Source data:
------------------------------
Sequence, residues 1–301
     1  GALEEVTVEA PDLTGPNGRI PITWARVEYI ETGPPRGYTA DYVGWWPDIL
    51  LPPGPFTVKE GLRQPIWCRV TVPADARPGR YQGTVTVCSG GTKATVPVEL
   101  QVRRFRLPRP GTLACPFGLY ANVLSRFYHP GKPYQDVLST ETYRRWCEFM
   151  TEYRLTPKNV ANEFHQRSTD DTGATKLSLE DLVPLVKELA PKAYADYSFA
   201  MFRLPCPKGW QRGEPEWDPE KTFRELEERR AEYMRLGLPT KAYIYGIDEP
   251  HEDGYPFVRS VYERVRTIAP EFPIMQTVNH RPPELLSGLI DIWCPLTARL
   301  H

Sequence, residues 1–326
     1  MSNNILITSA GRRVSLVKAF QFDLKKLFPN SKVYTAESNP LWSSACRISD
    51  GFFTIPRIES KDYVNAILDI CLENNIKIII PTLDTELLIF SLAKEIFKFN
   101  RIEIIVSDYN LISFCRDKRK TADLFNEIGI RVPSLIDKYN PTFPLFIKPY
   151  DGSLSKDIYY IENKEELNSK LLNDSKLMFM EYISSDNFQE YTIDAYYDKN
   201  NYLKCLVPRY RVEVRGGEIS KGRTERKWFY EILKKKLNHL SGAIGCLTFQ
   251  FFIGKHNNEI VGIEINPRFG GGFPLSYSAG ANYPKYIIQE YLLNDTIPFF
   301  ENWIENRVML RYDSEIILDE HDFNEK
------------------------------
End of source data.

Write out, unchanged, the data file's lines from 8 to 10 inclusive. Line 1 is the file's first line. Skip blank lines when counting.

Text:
   301  H

Sequence, residues 1–326
     1  MSNNILITSA GRRVSLVKAF QFDLKKLFPN SKVYTAESNP LWSSACRISD